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Therapy for Reading Problems in Adults After Brain Injury

This study has been completed.
Information provided by:
Eunice Kennedy Shriver National Institute of Child Health and Human Development (NICHD) Identifier:
First received: July 14, 2003
Last updated: August 13, 2014
Last verified: April 2014
Adults who sustain brain damage due to stroke, head injury, or traumatic surgery may develop difficulty reading. This study examines the effectiveness of behavior-based programs to improve reading ability in these individuals.

Condition Intervention
Dyslexia, Acquired Brain Injuries Cerebrovascular Accident Behavioral: Cognitive Therapy to Improve Reading

Study Type: Interventional
Study Design: Allocation: Non-Randomized
Intervention Model: Parallel Assignment
Masking: None (Open Label)
Primary Purpose: Treatment
Official Title: Cognitively-based Treatments of Acquired Dyslexias

Further study details as provided by Eunice Kennedy Shriver National Institute of Child Health and Human Development (NICHD):

Primary Outcome Measures:
  • Improved accuracy and/or speed of reading individual words aloud.

Secondary Outcome Measures:
  • Improved accuracy and/or speed of reading text aloud.

Estimated Enrollment: 58
Study Start Date: August 2002
Study Completion Date: July 2007
Primary Completion Date: July 2007 (Final data collection date for primary outcome measure)
Detailed Description:

Acquired disorders of reading (acquired dyslexia) are common in patients with aphasia subsequent to left hemisphere stroke. Even when language functions recover sufficiently to enable the patient to return to work, continuing dyslexia often interferes significantly with job performance. This study will evaluate cognitive therapies for the treatment of acquired dyslexia.

Each therapy is based upon a cognitive neuropsychological model of reading; the therapies target specific types of reading deficit and stem from the question of re-learning versus re-organization of function. The therapies focus on dyslexic disorders stemming from the following underlying deficits: 1) impaired access to the orthographic word form from the visual modality (pure alexia); 2) impaired orthographic/phonologic connections (phonologic/deep dyslexia); and 3) decreased ability to hold phonologic codes in memory (phonologic text alexia).

Participants in this study will undergo a comprehensive and detailed battery of reading and reading-related tests to determine the underlying impairment causing the reading deficit. Based upon the results of these tests, the patient's dyslexic disorder will be characterized and, if appropriate, the patient will be assigned to one of the treatment programs devised specifically for that type of deficit. Treatment programs are evaluated for efficacy by comparing the accuracy and speed of reading pre- and post-treatment.


Ages Eligible for Study:   18 Years and older   (Adult, Senior)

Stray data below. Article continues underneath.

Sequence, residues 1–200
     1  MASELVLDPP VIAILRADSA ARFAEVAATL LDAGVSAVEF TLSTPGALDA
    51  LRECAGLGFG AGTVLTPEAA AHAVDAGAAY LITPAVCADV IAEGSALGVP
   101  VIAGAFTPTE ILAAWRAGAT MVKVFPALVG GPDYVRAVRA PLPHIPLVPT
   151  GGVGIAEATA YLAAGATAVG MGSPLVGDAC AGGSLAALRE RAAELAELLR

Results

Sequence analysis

Sexes Eligible for Study:   All
Accepts Healthy Volunteers:   No

Inclusion Criteria

  • Reading deficit subsequent to stroke, traumatic brain injury, brain surgery, or other brain damage
  • Ability to attend 2-3 sessions per week for several months at Georgetown University in Washington, DC

Exclusion Criteria

  • History of developmental dyslexia or learning disabilities
  • Best corrected vision less than 20/40
  • Less than 10 years of formal education
  • Significant memory or comprehension problems
  Contacts and Locations
Choosing to participate in a study is an important personal decision. Talk with your doctor and family members or friends about deciding to join a study. To learn more about this study, you or your doctor may contact the study research staff using the Contacts provided below. For general information, see Learn About Clinical Studies.

Please refer to this study by its identifier: NCT00064805

United States, District of Columbia
Georgetown University Medical Center
Washington, District of Columbia, United States, 20057
Sponsors and Collaborators
Eunice Kennedy Shriver National Institute of Child Health and Human Development (NICHD)
Principal Investigator: Rhonda B. Friedman, Ph.D. Georgetown University Medical School
  More Information

Additional Information:
Publications: Identifier: NCT00064805     History of Changes
Other Study ID Numbers: R01HD036019 ( U.S. NIH Grant/Contract )
Study First Received: July 14, 2003
Last Updated: August 13, 2014

Keywords provided by Eunice Kennedy Shriver National Institute of Child Health and Human Development (NICHD):
Cognitive therapy
Aphasia therapy
Acquired dyslexia
Phonological deficits
Orthographic deficits
Brain disorders
Brain injury

Additional relevant MeSH terms:
Wounds and Injuries
Brain Injuries
Dyslexia, Acquired
Brain Diseases
Central Nervous System Diseases
Nervous System Diseases
Craniocerebral Trauma
Trauma, Nervous System
Cerebrovascular Disorders
Vascular Diseases
Cardiovascular Diseases
Language Disorders
Communication Disorders
Neurobehavioral Manifestations
Neurologic Manifestations
Learning Disorders
Signs and Symptoms
Neurodevelopmental Disorders
Mental Disorders
Neurocognitive Disorders processed this record on September 18, 2017